setting aside other reasons why lines can dip for now, such as starting the lift, sweep and stroke with slack or improper acceleration and focusing only on rod tip path and D loop set ups, if the rod tip goes too low on the back cast of an aerial cast the fly and/or line usually hits the water, ground, bushes, trees, snags and creates slack and in the best case (which still isn’t good) we’d have to do the forward cast at a much higher angle than intended if we want to have a decent and in-control loop (either that or we’d end up with a big ‘ole dome shaped collapsing loop because the cast isn’t following the ideal 180° principle). with rolls and spey casts this scenario is even more critical because the fly leg comes in underneath the rod tip on the D loop set up: it’s already low…
since speys are usually done with water all around the caster, dipping the rod tip isn’t as embarrassingly bad as snagging the fly on bank-side bushes and stuff but it still leads to an ugly and inefficient collapsed/crashing D loop anchor that will ‘stick’ too much to the water requiring a lot of unnecessary force to pull it out on the delivery cast and we’ll usually have the same non-180° problem as mentioned above. not good.
as Robert explains, none of this dipping will happen if we continuously move the rod tip in either a climbing slope or curve. ok, that’s pretty logical but it’s easier understood than done, specially with a double hand rod because we’re pushing the rod butt in one direction and pulling the rod tip in another, twisting the torso and chewing gum and blowing bubbles all at the same time. it’s a wonder more people don’t fall over while performing such amazingly complexe motions !
funning aside, another way and maybe more constructive manner to think of this exercise is to concentrate on where we place the apex of the D loop.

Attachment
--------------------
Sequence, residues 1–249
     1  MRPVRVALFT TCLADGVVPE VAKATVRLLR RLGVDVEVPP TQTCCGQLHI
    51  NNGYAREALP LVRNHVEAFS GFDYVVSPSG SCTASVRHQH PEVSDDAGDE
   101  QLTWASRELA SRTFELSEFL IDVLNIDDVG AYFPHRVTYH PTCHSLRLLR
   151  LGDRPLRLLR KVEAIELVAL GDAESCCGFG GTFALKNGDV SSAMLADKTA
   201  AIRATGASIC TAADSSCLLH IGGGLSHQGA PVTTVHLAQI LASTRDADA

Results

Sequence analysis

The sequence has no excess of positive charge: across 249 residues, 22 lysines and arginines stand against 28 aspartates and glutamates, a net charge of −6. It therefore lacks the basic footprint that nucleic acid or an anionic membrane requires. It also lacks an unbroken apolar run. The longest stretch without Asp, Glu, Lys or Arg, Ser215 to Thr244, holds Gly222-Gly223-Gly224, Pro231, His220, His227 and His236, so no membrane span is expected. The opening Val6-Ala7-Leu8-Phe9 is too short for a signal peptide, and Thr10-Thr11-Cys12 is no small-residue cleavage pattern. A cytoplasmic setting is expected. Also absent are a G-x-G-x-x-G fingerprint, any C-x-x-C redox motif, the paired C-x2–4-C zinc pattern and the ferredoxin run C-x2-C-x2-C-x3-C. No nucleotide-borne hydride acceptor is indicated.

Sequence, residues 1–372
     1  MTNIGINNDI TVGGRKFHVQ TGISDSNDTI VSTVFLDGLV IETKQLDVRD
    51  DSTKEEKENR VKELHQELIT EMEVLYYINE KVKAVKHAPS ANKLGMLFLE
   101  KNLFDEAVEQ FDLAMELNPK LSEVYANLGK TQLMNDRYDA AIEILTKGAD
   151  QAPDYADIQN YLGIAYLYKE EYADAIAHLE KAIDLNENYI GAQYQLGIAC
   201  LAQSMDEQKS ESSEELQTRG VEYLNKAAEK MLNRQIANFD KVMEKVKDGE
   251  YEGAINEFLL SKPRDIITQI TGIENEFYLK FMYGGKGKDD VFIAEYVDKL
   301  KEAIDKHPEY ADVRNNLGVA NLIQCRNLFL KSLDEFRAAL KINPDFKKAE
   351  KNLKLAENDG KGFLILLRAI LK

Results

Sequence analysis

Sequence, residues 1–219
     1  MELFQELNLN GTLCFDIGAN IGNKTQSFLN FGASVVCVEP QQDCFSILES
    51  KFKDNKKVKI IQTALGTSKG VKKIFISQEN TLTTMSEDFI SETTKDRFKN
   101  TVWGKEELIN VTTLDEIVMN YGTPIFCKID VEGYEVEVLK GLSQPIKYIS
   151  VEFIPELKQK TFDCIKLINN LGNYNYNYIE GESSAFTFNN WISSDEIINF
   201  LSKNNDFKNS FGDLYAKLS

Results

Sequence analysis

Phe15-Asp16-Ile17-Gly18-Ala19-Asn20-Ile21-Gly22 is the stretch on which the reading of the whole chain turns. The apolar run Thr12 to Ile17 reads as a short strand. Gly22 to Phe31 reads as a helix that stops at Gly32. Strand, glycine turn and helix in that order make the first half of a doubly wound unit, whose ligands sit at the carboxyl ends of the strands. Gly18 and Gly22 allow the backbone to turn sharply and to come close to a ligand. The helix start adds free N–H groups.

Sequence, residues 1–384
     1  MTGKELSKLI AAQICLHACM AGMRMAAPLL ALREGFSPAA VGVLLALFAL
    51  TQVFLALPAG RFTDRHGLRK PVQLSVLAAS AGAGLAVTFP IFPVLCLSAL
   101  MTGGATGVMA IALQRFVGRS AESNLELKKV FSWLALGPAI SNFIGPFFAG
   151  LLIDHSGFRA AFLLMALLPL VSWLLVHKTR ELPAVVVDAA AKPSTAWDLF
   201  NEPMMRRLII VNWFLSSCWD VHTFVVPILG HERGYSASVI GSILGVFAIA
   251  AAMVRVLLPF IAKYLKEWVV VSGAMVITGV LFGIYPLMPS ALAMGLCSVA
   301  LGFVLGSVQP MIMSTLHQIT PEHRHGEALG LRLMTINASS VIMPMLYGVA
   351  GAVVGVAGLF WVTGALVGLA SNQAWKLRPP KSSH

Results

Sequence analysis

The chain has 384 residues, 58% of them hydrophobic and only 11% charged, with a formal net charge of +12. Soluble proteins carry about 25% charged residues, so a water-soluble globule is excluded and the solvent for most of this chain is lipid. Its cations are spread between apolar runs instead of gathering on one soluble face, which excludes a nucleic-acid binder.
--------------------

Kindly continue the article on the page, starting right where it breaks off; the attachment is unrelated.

we tend to think of D loops as symmetric beings that really resemble the letter D but the vast majority of them are more of a wedge like this > or a close variant of it.
when the apex, or pointy part of the > falls too low we tend to get in trouble. of course, if it goes too high that’s no good either but ‘too high’ doesn’t happen very often and takes a quite very pronounced lift to achieve.
i’ve said enough for now ! this very well explained Climbing Curve exercise is well worth spending some extra time getting down just right and this, for any rolls or spey casts, single or double-handed. enjoy !
* (ok, not necessarily all of the line but at least the part of the line closest to the rod tip, but for the purpose of today’s tutorial, lets just assume its all of the line. (i had to include this so’s my casting colleagues won’t jump on me…. 😆 ) anyhow, more on this overstated non-rule soon !)
here’s a little light-hearted, big bellied and strangely Pythonish spey casting tutorial by “Spey Casting is like making love to a difficult woman” Mike Daunt* that’ll hopefully relieve a bit of this festive stress.
it’s really not worth going into what might or might not be valid or useful spey casting instruction, so, let’s just take it for what it is, a funny, tacky, bank-side 4 min 44 sec acid trip. sort of…enjoy !
* yes he really said that… 😆